The answer lies in how attorneys use sentencing mitigation strategies. This Article contends that federal white collar defendants have failed to effectively use mitigation strategies to lessen their sentences, resulting in unnecessarily long prison terms for nonviolent offenders committing financial crimes. The white collar defense bar has inexplicably ignored the mitigation techniques perfected by capital defense attorneys, and in the process has failed to effectively represent its clients. After discussing the development of the mitigation function in capital cases and paralleling it with the evolution of white collar sentencing jurisprudence, particularly post-Booker, this article will present seven key mitigation strategies currently used by capital defense teams and discuss how these strategies might be employed in federal white collar cases. The goal throughout this Article will be to highlight new strategies and techniques available in defending white collar clients and to enhance sentencing advocacy in federal criminal cases.
Shay on Illich on Prisons
Giovanna Shay (Western New England University School of Law) has posted Illich (Via Cayley) on Prisons (Western New England Law Review, Vol. 34, p. 351, 2012) on SSRN. Here is the abstract:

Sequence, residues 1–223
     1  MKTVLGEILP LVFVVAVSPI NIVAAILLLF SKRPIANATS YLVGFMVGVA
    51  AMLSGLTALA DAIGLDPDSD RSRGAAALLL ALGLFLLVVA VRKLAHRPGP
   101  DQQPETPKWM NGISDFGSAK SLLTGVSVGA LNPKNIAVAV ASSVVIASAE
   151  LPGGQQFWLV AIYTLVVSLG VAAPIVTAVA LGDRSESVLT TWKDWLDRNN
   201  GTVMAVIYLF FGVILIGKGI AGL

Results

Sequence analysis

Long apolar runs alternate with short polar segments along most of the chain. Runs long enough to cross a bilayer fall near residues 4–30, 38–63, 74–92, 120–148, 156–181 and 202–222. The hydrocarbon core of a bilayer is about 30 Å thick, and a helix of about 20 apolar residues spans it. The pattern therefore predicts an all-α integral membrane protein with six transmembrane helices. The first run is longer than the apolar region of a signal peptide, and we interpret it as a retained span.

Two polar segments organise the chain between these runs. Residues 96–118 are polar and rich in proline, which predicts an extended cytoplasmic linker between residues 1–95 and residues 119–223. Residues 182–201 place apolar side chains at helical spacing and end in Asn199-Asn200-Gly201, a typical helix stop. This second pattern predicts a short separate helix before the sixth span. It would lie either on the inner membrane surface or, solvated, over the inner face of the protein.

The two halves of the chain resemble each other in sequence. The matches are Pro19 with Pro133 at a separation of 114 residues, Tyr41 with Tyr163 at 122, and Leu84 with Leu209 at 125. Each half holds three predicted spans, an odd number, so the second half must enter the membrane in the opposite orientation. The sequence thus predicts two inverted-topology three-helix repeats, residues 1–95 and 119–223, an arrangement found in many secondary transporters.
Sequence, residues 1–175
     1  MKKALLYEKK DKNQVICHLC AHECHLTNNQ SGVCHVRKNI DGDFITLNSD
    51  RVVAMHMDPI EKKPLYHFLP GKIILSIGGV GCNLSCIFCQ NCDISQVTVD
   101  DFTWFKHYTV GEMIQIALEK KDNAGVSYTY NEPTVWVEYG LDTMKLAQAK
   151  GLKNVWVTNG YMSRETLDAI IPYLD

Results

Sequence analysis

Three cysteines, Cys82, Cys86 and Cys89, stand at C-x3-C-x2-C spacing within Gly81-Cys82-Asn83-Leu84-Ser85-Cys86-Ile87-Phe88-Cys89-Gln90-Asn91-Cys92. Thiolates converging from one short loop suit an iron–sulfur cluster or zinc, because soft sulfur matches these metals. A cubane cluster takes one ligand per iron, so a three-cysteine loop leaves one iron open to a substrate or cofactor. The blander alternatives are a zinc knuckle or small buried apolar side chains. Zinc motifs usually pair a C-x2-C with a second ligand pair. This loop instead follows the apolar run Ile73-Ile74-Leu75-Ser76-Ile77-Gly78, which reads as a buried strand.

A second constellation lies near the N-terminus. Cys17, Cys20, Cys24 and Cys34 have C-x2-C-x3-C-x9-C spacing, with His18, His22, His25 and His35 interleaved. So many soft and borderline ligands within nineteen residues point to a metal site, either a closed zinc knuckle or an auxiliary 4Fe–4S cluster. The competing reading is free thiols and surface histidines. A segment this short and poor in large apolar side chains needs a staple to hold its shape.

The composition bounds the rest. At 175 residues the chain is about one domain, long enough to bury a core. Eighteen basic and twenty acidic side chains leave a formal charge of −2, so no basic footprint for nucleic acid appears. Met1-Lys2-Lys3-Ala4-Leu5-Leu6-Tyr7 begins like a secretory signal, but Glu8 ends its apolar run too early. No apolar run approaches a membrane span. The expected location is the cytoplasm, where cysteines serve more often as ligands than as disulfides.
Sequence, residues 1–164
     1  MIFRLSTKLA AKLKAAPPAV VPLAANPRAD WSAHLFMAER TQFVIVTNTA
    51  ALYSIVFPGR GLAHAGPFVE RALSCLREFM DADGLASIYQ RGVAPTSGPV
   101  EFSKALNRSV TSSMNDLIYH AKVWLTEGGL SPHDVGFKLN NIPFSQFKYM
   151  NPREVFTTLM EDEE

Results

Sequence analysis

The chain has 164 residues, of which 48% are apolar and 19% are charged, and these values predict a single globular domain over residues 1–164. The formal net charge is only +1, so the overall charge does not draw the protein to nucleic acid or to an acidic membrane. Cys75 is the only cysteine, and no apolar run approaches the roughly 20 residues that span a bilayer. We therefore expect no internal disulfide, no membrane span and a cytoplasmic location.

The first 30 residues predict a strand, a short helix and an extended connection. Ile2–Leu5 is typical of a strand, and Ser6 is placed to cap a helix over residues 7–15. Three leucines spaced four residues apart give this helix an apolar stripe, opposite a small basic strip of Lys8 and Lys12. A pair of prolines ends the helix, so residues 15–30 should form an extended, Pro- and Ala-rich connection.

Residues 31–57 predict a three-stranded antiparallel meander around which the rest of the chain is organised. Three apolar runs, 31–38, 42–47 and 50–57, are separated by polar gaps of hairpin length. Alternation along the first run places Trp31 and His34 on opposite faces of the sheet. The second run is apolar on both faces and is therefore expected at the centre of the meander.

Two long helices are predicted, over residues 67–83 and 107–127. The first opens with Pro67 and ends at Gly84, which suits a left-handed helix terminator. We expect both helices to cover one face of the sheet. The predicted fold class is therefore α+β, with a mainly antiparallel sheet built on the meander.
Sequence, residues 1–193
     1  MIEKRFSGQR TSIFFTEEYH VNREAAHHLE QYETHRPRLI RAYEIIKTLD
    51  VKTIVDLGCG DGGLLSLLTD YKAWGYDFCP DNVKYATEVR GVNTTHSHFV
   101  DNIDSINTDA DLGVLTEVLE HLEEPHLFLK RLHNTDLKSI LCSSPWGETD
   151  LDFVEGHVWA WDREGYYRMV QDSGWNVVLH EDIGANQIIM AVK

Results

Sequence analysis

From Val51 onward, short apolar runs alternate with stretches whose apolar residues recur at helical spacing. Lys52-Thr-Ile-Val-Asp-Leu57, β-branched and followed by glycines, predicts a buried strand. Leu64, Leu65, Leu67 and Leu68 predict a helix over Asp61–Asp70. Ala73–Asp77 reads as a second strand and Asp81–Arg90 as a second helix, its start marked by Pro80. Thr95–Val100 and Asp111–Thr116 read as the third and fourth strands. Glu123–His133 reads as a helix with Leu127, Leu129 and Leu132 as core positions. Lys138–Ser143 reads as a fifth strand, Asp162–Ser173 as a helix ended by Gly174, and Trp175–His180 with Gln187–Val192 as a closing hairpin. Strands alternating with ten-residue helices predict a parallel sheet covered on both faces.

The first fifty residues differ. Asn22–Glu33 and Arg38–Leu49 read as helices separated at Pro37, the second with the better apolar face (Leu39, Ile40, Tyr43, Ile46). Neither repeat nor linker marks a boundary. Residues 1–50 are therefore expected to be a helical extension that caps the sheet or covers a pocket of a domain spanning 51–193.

This Article considers whether, more than a dozen years after publication of Cayley’s book, "The Expanding Prison: The Crisis in Crime and Punishment and the Search for Alternatives," Illich’s theories help us to make sense of America’s “prison-industrial complex.” The Author concludes that our current situation reflects in part the dynamics of his theory of “counterproductivity,” but that Illich did not take sufficient account of the salience of race and class in American criminal punishment.
October 25, 2012
Jones on Mobile Iris Scanning
Christopher Rutledge Jones has posted 'EyePhones': A Fourth Amendment Inquiry into Mobile Iris Scanning (South Carolina Law Review, Vol. 63, No. 925, 2012) on SSRN. Here is the abstract:
MORIS, or Mobile Offender Recognition and Information System, is a small device that attaches to a standard iPhone and allows the user to perform mobile iris scanning, fingerprinting, and facial recognition. Developed by BI2 Technologies, this device was recently made available to law enforcement agencies in America.